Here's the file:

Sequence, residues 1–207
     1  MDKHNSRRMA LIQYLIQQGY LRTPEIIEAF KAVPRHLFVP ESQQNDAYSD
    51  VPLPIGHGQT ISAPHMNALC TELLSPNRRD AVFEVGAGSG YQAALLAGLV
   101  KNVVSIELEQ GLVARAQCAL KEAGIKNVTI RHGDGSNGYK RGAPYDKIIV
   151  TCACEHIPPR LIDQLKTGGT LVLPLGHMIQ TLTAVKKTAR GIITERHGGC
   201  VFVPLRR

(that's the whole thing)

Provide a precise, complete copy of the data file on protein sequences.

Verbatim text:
Sequence, residues 1–207
     1  MDKHNSRRMA LIQYLIQQGY LRTPEIIEAF KAVPRHLFVP ESQQNDAYSD
    51  VPLPIGHGQT ISAPHMNALC TELLSPNRRD AVFEVGAGSG YQAALLAGLV
   101  KNVVSIELEQ GLVARAQCAL KEAGIKNVTI RHGDGSNGYK RGAPYDKIIV
   151  TCACEHIPPR LIDQLKTGGT LVLPLGHMIQ TLTAVKKTAR GIITERHGGC
   201  VFVPLRR